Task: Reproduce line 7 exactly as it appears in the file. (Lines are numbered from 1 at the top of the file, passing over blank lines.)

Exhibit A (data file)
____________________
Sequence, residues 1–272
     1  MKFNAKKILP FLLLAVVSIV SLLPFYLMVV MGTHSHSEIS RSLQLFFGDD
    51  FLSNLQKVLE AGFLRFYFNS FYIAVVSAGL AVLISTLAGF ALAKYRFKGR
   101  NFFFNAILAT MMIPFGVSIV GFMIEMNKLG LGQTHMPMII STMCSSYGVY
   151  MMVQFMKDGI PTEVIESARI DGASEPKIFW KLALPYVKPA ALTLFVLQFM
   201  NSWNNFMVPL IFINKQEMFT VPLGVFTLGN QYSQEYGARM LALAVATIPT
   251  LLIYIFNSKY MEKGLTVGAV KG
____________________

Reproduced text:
   251  LLIYIFNSKY MEKGLTVGAV KG